Saturday, April 28, 2012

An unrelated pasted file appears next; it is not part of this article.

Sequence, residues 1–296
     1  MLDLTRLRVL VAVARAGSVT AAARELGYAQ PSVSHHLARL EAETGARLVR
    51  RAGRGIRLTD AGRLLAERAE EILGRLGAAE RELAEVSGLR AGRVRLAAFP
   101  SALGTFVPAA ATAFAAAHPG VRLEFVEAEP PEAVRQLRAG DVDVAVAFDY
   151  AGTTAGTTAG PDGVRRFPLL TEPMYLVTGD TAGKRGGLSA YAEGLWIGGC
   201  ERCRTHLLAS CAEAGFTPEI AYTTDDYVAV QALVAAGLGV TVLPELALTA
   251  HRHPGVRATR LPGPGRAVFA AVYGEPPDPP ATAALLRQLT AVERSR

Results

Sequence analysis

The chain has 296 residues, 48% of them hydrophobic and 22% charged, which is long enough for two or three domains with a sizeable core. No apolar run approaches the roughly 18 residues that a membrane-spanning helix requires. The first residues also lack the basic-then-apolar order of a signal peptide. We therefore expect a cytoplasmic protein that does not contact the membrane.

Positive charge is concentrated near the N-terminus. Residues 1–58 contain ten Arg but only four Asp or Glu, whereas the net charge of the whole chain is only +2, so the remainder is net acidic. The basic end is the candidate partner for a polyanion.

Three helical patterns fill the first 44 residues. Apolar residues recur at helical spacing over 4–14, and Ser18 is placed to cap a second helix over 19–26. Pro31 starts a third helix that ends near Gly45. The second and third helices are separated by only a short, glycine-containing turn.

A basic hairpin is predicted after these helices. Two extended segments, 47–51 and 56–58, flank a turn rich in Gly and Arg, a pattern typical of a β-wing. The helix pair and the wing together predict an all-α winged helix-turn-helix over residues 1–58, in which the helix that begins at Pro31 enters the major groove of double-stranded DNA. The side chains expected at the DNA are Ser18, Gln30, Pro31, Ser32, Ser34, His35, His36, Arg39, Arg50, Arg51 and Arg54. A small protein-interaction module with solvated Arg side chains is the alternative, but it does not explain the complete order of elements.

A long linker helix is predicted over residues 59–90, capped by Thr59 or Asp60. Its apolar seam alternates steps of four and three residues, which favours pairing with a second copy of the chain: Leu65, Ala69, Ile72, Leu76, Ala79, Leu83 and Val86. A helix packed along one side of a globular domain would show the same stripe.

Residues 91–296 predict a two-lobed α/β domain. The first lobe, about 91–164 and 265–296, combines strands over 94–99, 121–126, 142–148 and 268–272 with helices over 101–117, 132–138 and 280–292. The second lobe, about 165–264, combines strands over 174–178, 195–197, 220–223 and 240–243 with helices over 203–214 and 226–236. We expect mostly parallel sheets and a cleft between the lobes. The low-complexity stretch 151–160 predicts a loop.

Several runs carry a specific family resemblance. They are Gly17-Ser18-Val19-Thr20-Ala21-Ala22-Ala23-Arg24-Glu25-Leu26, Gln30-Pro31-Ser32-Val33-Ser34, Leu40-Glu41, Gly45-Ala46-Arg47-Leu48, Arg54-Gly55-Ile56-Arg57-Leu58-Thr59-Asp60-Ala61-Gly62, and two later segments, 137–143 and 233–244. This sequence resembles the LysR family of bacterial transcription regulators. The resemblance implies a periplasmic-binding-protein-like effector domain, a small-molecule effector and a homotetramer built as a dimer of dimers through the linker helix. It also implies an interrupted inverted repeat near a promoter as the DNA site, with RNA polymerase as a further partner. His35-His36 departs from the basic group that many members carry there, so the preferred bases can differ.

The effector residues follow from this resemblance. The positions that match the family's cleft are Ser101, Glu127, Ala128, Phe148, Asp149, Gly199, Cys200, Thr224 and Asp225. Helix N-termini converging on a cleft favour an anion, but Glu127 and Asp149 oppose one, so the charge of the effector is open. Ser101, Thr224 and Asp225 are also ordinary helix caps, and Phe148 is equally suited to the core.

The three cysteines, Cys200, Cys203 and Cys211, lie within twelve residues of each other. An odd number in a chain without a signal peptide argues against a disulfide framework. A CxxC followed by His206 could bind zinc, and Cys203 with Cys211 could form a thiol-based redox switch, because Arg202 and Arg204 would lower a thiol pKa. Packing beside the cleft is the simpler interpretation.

The large antique wall clock that hangs above the Saveur test kitchen is the same as the one that hung over the door to my mom’s office in her grocery store. It took all of my focus to pay attention to the editor giving us an office tour instead of staring transfixed on that clock, daydreaming about its twin back on Kauai. That clock kept the time of the moments in my life. I’d stare at it, while waiting for her to finish a meeting, check in a vendor, talk story with a long-time customer, or whatever else it was that kept me from getting the attention that I wanted. That clock told me when I had to finish eating my snack on the counter beside the register, and go to soccer practice at the ballpark behind the building. And later, when I ended up working there, it told me what time my shift was over. The aging brown face and antique hands presided over that neighborhood hub, keeping time of all the lives of which that grocery was a part of everyday. It timed the milk delivery, the start time of the farmers market in the parking lot next door, the time the movie started in the adjacent theater, then the church service when it was converted from an art house to a house of worship. Residents of the town moved in and out, old-timers stopped coming in for their newspapers in the morning, and the ownership eventually changed, but the clock remains, keeping time for Kilauea.